What the rumored iPhone 13 satellite communication improvement is and how it works
More information has been revealed concerning the rumored satellite communication capabilities that might be included in the iPhone 13 release.
According to a rumor published last week, the iPhone 13 may be getting some new satellite communication capabilities.
Ming-Chi Kuo, a well-known Apple insider, was mentioned in the first story, who stated that he “expects the forthcoming iPhone 13 models to have a low-earth-orbit (LEO) satellite communication mode.” Kuo is a well-known Apple insider.
More information, on the other hand, was withheld, causing some misunderstanding as to the degree of this capabilities available.
Further details regarding these satellite communication capabilities have now been revealed, providing a clearer picture of what Apple consumers may anticipate from the technology and where it will be implemented.
This is due to the fact that, according to Bloomberg writer Mark Gurman, these capabilities will be heavily focused on emergency communication, and that the functionality would only be available in specific markets.
“The emergency functions will only function in places where there is no cellular service, as well as in a few select markets,” says the author “Gurman made this observation. “Apple anticipates someday installing its own constellation of satellites to transmit data to devices, but the company is still many years away from putting that idea into action.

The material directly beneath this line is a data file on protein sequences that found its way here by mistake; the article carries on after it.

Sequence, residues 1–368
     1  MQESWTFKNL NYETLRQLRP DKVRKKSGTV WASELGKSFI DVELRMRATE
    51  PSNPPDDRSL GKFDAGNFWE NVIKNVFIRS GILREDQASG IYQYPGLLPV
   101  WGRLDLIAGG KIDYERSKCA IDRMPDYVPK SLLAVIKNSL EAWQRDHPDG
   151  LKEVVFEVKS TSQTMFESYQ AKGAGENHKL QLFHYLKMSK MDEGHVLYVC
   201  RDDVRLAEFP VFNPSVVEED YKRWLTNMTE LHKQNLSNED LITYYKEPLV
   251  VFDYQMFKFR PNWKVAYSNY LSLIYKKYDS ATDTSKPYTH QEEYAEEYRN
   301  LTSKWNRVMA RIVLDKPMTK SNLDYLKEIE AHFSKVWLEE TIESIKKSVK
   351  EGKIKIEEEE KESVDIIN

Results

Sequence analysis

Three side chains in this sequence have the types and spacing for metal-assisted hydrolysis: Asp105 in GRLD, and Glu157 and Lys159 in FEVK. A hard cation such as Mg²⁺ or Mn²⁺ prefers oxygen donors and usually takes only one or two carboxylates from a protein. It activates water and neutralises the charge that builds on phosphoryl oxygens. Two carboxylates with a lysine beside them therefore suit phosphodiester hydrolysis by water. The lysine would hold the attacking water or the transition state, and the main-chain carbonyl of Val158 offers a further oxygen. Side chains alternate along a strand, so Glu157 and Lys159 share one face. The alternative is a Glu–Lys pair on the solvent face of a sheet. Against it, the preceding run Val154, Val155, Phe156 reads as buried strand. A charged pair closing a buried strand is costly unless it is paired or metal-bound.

“Some people have inquired as to whether these new functions imply that the iPhone can be used as a satellite phone and that it will be able to make calls anywhere in the globe when cellular service is not available. The answer is an unequivocal no. That is not going to happen now, next year, or any time in the foreseeable future.”
Consequently, it appears that the SOS-style feature, if it does actually appear on the iPhone 13 as predicted by Kuo, will serve primarily as an emergency SOS system, serving as a type of last resort to contact emergency services or family members when there is no network connection available.
Furthermore, the capability will only be available in select regions, which is another limitation.
As for why Apple users won’t be able to use their iPhone 13 as a satellite phone, making calls and sending messages via satellite on a consistent basis, that is due to two factors: one, the technology is not yet ready, and two, even if it were, it “could cause a revolt from the phone carriers on which Apple relies.”
After all, if you suddenly have the ability to make phone calls through satellite, you won’t need Verizon, Vodafone, or AT&T any more. The networks, on the other hand, would not be pleased.
As a result, while this is definitely an intriguing advancement in the mobile phone industry, and one that we hope will be released soon, it appears to be something that the vast majority of iPhone customers will not have to worry about when considering whether or not to upgrade to iPhone 13.